This week has brought home to us the unique challenges faced by our healthcare workers on the front line of this crisis. It was truly devastating to receive the news on Wednesday that two colleagues had passed away from St Luke’s General Hospital, Carlow/Kilkenny having contracted COVID-19. On behalf of the IEHG Senior Management team, I would like to extend my deepest sympathies to all staff at the hospital and to the staff members’ family and friends.
While demand for critical care in our acute hospitals continues to be high, there are many positives to be drawn from what you have achieved over the last number of weeks. The pre-surge preparatory work that was completed across the Group and the exemplary leadership you have shown since have meant that our hospitals are managing this crisis, while continuing to deliver for our patients, in a way that should make us all proud. There is a long way to go and still many challenges to be overcome but I am confident that we can meet these together.
Below are this week’s IEHG updates:
• You will be aware that the national focus this week has very much been on the COVID clusters that have developed within Nursing Homes. As a Group we have been working closely with our community colleagues to support nursing homes in the fight against this virus. The support we have provided has included access to acute hospital geriatricians and senior nurses, testing, and advice on infection prevention and control, social distancing and PPE training. The community geriatrician teams on the north and south side are working well to assist with the management of the additional pressure. I have also met with the CHO heads in relation to staff redeployment. Our IEHG Staff Bank Manager has liaised with agencies to supply nurses, and CVs received for Group competitions are distributed to CHOs for nursing homes where appropriate. We will continue to work closely with our community colleagues to manage this crisis together.
• Planning for our post-acute COVID reablement and rehabilitation pathways continues. 24 generic rehabilitation beds will be opened in Our Lady’s Hospital, Navan and we continue to work on the development of our two dedicated specialist post-acute COVID rehabilitation facilities in St Mary’s Hospital, Phoenix Park and St. Mary’s, Mullingar. Working with our CHO partners, we are adopting a streamlined and integrated approach with primary and secondary care pathways, from admission to discharge and follow-up. Recruitment is currently taking place for both sites.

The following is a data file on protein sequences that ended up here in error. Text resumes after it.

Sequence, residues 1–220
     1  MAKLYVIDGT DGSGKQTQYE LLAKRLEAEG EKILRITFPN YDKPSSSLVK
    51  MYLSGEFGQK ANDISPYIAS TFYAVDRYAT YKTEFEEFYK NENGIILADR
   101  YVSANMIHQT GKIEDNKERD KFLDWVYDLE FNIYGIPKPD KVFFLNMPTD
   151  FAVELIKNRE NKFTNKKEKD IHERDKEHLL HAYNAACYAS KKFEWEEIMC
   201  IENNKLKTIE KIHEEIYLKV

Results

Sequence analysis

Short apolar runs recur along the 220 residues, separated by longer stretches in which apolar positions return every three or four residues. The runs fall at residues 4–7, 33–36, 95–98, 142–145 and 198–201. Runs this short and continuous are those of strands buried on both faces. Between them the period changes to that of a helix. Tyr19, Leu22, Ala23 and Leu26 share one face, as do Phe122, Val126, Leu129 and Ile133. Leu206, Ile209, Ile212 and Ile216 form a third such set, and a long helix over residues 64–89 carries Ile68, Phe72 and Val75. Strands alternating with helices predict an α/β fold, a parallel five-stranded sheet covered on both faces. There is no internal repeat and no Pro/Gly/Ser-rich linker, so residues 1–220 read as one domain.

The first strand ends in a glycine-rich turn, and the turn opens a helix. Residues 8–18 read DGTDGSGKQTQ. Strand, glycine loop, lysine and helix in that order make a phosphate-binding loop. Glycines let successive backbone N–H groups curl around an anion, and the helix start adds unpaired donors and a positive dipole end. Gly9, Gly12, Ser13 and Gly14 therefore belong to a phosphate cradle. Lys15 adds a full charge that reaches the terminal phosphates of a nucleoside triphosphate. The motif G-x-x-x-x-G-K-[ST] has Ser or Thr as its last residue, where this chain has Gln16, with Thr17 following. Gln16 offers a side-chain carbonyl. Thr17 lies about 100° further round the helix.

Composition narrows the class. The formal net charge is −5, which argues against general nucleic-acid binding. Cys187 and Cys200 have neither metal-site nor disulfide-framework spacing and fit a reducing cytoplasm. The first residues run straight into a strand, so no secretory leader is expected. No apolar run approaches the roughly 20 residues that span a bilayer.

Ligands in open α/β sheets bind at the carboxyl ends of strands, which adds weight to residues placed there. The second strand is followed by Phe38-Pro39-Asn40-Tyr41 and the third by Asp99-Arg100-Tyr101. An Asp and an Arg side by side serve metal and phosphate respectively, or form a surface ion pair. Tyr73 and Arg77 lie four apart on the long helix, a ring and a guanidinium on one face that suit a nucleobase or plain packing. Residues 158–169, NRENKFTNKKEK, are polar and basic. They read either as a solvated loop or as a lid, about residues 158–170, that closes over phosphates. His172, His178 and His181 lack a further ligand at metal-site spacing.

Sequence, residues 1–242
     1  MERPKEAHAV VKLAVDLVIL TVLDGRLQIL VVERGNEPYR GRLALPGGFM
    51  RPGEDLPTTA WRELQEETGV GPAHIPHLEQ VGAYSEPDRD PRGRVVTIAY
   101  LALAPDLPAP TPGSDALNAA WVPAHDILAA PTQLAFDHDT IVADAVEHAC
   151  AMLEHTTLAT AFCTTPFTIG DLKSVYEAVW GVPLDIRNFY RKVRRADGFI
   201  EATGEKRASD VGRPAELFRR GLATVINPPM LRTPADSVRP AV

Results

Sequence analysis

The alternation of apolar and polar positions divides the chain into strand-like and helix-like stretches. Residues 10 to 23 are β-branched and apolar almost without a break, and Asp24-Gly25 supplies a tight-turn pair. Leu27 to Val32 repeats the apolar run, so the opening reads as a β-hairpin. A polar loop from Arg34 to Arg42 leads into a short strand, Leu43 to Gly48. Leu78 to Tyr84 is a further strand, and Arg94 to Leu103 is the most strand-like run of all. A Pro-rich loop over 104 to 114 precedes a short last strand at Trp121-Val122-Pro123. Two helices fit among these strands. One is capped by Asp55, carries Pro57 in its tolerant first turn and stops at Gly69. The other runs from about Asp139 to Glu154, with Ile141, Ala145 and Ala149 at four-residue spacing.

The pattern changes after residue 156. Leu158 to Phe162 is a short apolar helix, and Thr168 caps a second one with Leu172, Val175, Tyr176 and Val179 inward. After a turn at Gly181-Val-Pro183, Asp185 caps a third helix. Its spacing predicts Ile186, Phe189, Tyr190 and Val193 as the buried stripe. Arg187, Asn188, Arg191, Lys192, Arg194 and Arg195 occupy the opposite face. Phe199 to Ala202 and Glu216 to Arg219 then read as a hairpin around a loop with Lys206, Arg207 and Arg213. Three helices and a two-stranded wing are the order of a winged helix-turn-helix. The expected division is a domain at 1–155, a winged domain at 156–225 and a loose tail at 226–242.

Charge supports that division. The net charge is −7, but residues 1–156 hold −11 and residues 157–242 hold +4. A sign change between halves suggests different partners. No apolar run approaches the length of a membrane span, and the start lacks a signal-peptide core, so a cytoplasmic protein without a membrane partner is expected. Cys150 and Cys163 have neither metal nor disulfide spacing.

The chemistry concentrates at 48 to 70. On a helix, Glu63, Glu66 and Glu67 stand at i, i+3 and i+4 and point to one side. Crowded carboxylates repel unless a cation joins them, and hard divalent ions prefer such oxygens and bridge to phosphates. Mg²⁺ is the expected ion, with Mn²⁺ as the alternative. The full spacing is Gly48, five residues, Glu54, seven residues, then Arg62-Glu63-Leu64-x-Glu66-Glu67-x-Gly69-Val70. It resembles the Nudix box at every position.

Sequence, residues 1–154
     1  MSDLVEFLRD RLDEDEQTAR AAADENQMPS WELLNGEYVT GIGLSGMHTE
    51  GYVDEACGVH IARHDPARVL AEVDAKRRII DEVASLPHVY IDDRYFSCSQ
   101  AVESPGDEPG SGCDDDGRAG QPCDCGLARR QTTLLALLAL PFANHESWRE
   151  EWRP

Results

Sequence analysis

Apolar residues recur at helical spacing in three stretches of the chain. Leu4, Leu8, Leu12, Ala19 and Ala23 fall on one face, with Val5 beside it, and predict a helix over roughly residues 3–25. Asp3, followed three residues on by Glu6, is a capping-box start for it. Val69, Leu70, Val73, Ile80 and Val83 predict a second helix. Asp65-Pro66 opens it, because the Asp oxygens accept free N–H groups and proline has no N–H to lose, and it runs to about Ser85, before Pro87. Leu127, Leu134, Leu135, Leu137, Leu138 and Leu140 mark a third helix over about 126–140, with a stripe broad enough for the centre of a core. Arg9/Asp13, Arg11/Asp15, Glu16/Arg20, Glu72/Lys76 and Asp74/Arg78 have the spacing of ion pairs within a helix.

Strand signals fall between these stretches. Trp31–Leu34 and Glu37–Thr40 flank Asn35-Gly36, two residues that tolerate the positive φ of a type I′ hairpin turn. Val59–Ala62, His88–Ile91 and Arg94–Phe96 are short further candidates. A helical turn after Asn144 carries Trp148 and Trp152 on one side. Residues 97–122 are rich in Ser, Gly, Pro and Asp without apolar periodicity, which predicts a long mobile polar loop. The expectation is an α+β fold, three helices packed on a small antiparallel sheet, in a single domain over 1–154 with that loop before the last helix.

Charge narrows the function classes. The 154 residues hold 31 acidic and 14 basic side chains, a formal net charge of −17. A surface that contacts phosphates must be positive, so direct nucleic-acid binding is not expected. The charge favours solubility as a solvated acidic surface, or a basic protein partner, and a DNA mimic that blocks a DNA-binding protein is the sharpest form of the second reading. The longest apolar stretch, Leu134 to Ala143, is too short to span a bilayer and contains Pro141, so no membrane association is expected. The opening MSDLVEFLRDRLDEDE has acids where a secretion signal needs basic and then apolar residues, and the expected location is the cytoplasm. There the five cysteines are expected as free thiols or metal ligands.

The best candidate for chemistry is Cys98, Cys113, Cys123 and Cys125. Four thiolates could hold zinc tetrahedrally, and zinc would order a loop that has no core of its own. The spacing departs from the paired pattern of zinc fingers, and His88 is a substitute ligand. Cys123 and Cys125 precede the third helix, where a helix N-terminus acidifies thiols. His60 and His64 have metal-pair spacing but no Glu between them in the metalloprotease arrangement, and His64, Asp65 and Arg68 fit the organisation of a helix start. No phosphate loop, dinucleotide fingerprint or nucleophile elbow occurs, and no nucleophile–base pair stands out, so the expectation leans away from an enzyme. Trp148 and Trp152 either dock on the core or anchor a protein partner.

• Interviewing continues for our Staff Bank with processing of successful candidates in progress.
• I am delighted that we were able to open a new lab modular build in Our Lady’s Hospital, Navan last week. Two additional modular builds have been approved by HSE Estates including a lab unit in Regional Hospital Mullingar and an injection suite in the Royal Victoria Eye and Ear.
• In terms of procurement, we are working with the HSE to develop a streamlined process to support the appropriate distribution of PPE in line with the clinical need and requirements of each of our hospitals.
• IEHG laboratories continue to ramp up testing and to date our labs in the Mater, St Vincent’s, Regional Hospital Mullingar and Our Lady’s Hospital, Navan have processed over 10,000 tests. This includes in-house, external and community testing. Through collaboration with IEHG Procurement, HSE Procurement and the National Clinical Programme for Pathology we have now secured a steady supply of testing kits and swabs. The supply of reagents continues to be a challenge but this is monitored on a weekly basis by our IEHG Laboratory COVID-19 Working Group chaired by Prof Conor O’Keane.
• We understand the challenges that some staff are still facing regarding supports for childcare arrangements. Work is ongoing at a government level to find a solution as quickly as possible.
• With regard to staff accommodation, we continue to work with the HSE to support staff requirements for temporary accommodation in line with national criteria and I would like thank the local temporary accommodation site mangers who have been instrumental in this process.
As we all know, there is fantastic work happening across the system to ensure that the needs of patients are still being met during this challenging time. As an example, I would like to commend our colleagues in St Vincent’s University Hospital and St. Michael’s Hospital, Dun Laoghaire who have this week extended a service for patients in the catchment area of their hospitals who may have fallen or are experiencing frailty-related problems. Upon referral by their GP, the Emergency Services or a Nursing Home, these patients no longer need to come to an ED but will now be able to avail of a home service visit including a full medical and targeted functional assessment by a doctor and occupational therapist. The service operates seven days a week from 8am-6pm.
Mary Day, IEHG CEO